Evidence of meeting #12 for Public Accounts in the 41st Parliament, 1st Session. (The original version is on Parliament’s site, as are the minutes.) The winning word was clement.

A recording is available from Parliament.

On the agenda

MPs speaking

Also speaking

4:05 p.m.

Conservative

Tony Clement Parry Sound—Muskoka, ON

Well, I would disagree with your characterization of the situation.

Certainly, when we were dealing with an international summit, I had conversations with the Mayor of Huntsville about what was going on in Ottawa, or what was going on with the planning, and we would exchange information. So that was merely an e-mail that said before you talk to the media, you might want to get all the information. I think that's a wise thing for MPs to do, as well as mayors.

4:05 p.m.

NDP

The Chair David Christopherson

Thank you.

Sorry, your time has expired.

Moving on in the rotation, Mr. Shipley, you have the floor, sir.

November 2nd, 2011 / 4:05 p.m.

Conservative

Bev Shipley Lambton—Kent—Middlesex, ON

Thank you.

It's interesting; we create public trust in many ways, and one of them was raised in this Auditor General's report. As the interim Auditor General said, it is clear that the government received the goods and services it paid for: “It got what it paid for.”

Mr. Baird, as Minister of Infrastructure, I wonder if you can talk to this committee about why it is important that every cent of the G-8 legacy fund is accounted for.

4:05 p.m.

Conservative

John Baird Ottawa West—Nepean, ON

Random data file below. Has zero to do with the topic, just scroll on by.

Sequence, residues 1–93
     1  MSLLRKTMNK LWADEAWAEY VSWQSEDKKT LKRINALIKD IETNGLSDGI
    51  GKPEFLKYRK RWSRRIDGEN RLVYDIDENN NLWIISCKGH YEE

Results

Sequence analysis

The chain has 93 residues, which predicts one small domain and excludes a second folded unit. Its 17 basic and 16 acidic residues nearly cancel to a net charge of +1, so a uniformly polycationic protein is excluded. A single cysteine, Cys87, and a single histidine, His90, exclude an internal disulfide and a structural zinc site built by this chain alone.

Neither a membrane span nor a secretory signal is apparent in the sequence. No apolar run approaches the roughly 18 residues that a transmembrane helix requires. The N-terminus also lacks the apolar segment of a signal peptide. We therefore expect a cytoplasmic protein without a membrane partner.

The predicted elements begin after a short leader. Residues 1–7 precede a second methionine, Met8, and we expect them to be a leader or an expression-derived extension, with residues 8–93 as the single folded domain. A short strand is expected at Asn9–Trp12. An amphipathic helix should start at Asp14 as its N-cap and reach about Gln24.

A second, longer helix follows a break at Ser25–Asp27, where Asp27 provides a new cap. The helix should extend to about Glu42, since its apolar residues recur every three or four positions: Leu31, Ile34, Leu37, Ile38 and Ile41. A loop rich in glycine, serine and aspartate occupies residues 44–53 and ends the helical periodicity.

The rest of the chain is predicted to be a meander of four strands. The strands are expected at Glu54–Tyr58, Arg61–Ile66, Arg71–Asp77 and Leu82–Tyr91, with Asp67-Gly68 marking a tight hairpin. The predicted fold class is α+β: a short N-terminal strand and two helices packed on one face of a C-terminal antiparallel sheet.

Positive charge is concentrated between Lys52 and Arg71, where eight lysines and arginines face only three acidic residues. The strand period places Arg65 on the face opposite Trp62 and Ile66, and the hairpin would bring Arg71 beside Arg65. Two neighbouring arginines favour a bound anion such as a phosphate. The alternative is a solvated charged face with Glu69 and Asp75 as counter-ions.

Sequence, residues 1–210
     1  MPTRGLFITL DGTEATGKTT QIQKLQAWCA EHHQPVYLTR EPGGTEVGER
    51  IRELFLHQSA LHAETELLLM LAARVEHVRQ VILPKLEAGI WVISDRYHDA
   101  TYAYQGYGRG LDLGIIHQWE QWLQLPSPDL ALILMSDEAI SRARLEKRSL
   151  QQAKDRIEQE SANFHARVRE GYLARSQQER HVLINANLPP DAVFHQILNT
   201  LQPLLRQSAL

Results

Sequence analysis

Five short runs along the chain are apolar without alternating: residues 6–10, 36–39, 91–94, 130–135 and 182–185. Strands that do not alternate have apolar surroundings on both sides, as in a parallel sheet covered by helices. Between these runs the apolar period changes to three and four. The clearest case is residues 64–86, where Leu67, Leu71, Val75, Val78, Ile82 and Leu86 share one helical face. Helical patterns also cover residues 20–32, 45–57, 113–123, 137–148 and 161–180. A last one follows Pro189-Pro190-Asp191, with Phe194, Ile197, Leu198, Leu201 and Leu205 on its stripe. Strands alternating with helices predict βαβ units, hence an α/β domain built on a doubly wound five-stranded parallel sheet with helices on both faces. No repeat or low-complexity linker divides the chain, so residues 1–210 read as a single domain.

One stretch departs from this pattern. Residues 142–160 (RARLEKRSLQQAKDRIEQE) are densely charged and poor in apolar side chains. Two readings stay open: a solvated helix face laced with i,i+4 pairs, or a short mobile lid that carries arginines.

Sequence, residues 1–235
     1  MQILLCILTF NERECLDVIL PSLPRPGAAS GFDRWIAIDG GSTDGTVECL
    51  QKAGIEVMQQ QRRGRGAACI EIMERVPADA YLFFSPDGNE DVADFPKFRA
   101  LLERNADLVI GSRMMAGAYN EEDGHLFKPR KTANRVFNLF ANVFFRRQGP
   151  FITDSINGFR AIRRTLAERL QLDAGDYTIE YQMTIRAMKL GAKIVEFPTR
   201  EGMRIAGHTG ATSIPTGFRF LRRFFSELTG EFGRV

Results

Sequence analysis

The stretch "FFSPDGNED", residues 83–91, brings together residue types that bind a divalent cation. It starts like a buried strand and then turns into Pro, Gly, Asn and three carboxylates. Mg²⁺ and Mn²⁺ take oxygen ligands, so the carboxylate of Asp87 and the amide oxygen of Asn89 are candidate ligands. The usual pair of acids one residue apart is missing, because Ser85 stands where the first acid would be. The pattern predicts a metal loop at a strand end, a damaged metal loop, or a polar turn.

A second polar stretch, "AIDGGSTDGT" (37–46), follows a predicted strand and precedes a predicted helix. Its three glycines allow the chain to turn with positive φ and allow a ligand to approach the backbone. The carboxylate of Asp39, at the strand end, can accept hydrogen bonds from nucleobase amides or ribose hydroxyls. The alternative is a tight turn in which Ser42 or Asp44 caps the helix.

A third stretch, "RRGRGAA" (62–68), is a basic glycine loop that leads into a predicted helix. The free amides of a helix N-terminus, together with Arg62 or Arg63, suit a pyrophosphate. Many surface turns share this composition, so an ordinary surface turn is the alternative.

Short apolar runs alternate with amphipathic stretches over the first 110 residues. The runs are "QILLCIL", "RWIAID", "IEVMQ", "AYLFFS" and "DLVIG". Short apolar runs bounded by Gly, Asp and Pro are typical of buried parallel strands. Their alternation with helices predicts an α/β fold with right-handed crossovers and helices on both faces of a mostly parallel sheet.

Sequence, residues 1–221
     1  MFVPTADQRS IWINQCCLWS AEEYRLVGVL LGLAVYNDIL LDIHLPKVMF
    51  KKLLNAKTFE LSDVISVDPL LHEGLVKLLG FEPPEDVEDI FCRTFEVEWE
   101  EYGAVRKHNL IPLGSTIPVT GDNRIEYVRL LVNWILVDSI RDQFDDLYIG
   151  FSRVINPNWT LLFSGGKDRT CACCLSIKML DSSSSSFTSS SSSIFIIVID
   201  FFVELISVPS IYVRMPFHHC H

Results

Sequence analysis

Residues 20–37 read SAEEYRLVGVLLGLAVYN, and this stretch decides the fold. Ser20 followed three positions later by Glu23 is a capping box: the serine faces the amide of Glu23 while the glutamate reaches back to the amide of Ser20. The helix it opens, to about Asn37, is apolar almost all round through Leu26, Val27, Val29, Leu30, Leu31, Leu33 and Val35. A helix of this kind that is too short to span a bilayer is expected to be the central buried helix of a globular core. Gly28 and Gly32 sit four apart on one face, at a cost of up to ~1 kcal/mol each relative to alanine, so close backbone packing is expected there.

At Infrastructure Canada, at this time, one of our biggest challenges and biggest criticisms of members of Parliament on both sides of the House, and of provinces, of municipalities, of territories, was that the process was moving far too slowly. So we moved quickly at the height of the economic downturn to approve infrastructure projects.

I'm pleased that this fund...and this was 32 projects out of some 23,000 projects that were approved by the federal government. They were all public infrastructure projects. We did similar projects in different parts of the country in other programs. I'm pleased that we didn't even spend the full amount of this fund; in fact, it was under-spent. All that was spent was not even spent in the region in question. It was spent in neighbouring regions.

Every single dollar of all 32 projects is accounted for; not one single penny is missing. It's all in public infrastructure. There's no private benefit. Whether it's a provincial highway, a public airport authority, or a local town park, every single dollar is accounted for. It's all public infrastructure that will benefit people in those communities and those who visit them for decades to come.

4:05 p.m.

Conservative

Bev Shipley Lambton—Kent—Middlesex, ON

Thank you very much.

Minister Clement, you started out with a list of 242 projects and ended up with 32 projects. I wonder if you can talk to us about who created the process and why it was created in that way.

4:10 p.m.

Conservative

Tony Clement Parry Sound—Muskoka, ON

Ultimately, the 32 projects that were funded represented the top priorities of the municipal governments, knowing as they did at the time--it was communicated to them--that there were various purposes for the G-8 legacy fund. It could be for straight infrastructure for the actual summit itself. It could be for business development like tourism, or it could be a legacy building or other structure as a thank you from the government to the community for hosting the event, which has been done in summits past.